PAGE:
2017 Sammler, K. & Lynch, C. Spaceport America: Contested Offworld Access and the Everyman Astronaut. American Association of Geographers An- nual Meeting, Boston, MA, 5–9, Apr.
TITLE: Spaceport America: Contested Offworld Access and the Everyman Astronaut
AUTHORS: Katherine Sammler, California State University Maritime Academy; Casey Lynch, University of Arizona
ABSTRACT: Spaceport America, a spectacle to see with curvilinear geometry that itself looks like a spacecraft rising out of the desert near Truth or Consequences, New Mexico, conveys a hope of the everyman astronaut. Yet this private-public project, spending over $200 million in state taxpayer money to build and with a $2.85 million projected operating budget for 2017, does not provide the vertical transport analog of an airport. As Virgin Galactic stalls in launching its astronomically-priced zero gravity music festival and commercial passenger flights, the facilities have been dusted off for educational rocketry club launches and Hollywood film backdrops while most public access to the grounds is restricted to expensive guided tours.
As with the Spaceport, access to outer space itself raises questions of public versus private ownership and exclusivity. With the withering role of nation states in offplanet activity, there are openings for outer space to become another site of capital accumulation or to manifest as envisioned by social movements such as the Association of Autonomous Astronauts. Given that dominion over outer space has previously been established on a ‘first come, first served’ basis based on national economic and technical superiority, how is access being contested by private and civic interests? This paper considers Spaceport America a site of competing state, corporate, and civil society interests negotiating tensions in the geophysical and technical, political economic, and cultural imaginaries of outer space access.
KEYWORDS: Outer Space, Technology, Sovereignty
SESSION: Human Rights and Critical Geopolitics of Outer Space
ORGANIZERS: Julie Michelle Klinger & Daniel Bednar
Human endeavors are extending many of the most central issues in geography—property rights and enclosures; raced, classed, and gendered forms of inequality and social control; the politics of knowledge production; and questions of pollution and conservation, inter alia—to places beyond our terrestrial home. The engagement of off-Earth spaces by both academic geographers as well as by practitioners in the fields of aerospace engineering, communications, planetary exploration, and warfare (amongst others) take place within varied sets of discourses and values. To this point, outer space as both a place, and space, of human endeavor has yet to emerge as a major sub-field within geography, despite its importance in everyday life. In accordance with one of the major themes of this year’s AAG meeting, ‘Mainstreaming Human Rights in Geography and the AAG’, this session contributes to the continuing maturation of the field of Outer Space Geography by focusing on the intersection of the critical geopolitics of outer space and outer space-based technologies with human rights issues.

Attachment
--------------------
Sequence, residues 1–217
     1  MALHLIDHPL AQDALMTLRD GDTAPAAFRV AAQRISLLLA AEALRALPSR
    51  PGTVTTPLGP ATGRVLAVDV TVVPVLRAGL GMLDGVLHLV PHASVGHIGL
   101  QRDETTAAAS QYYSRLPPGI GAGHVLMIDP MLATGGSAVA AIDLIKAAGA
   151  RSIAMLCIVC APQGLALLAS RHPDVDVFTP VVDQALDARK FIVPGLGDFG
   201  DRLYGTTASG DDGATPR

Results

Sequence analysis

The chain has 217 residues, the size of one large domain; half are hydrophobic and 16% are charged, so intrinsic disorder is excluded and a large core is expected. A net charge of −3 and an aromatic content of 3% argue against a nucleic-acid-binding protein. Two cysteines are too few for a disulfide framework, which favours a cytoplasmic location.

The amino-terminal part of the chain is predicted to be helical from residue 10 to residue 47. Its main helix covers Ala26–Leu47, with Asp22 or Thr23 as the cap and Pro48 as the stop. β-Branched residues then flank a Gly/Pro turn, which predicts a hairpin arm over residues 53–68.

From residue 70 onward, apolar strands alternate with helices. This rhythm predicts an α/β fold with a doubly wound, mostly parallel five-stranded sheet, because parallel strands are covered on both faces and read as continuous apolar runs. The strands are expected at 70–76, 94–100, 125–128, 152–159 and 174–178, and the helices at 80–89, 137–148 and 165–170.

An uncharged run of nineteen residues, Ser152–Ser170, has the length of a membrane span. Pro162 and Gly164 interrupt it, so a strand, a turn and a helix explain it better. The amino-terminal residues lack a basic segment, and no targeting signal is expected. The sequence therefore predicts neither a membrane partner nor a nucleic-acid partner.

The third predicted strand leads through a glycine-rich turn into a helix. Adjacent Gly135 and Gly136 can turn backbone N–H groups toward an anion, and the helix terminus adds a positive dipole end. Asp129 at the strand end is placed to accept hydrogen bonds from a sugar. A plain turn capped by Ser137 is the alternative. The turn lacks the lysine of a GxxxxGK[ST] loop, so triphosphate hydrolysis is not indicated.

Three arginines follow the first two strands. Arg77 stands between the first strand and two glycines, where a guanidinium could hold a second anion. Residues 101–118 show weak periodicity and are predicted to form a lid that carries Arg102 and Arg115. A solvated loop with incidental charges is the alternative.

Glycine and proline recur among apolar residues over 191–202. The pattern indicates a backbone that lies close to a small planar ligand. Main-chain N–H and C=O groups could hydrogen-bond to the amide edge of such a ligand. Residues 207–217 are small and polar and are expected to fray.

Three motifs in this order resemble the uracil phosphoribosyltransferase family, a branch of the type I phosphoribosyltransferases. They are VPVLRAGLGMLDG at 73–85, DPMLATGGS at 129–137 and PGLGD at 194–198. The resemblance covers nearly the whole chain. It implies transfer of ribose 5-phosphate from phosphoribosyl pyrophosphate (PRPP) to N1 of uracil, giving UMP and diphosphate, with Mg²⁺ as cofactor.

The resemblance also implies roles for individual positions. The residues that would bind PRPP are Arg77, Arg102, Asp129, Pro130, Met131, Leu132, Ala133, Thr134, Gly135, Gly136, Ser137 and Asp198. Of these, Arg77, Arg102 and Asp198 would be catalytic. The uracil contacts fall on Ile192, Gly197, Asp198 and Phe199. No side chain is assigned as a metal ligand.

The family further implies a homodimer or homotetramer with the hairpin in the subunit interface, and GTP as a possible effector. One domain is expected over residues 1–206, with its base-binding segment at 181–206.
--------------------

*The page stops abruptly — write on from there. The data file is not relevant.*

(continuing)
Julie Michelle Klinger, Environmental Justice and Outer Space
Oliver Dunnett, Arthur C Clarke and the Global Village – Satellites technologies and the developing world
Julie Saperstein, Opening the black box of outer space: the case of JASON-3
Katherine Genevieve Sammler, Spaceport America: Contested Offworld Access and the Everyman Astronaut
Daniel Bednar, Orbital Debris Governance and Narratives of Cause and Responsibility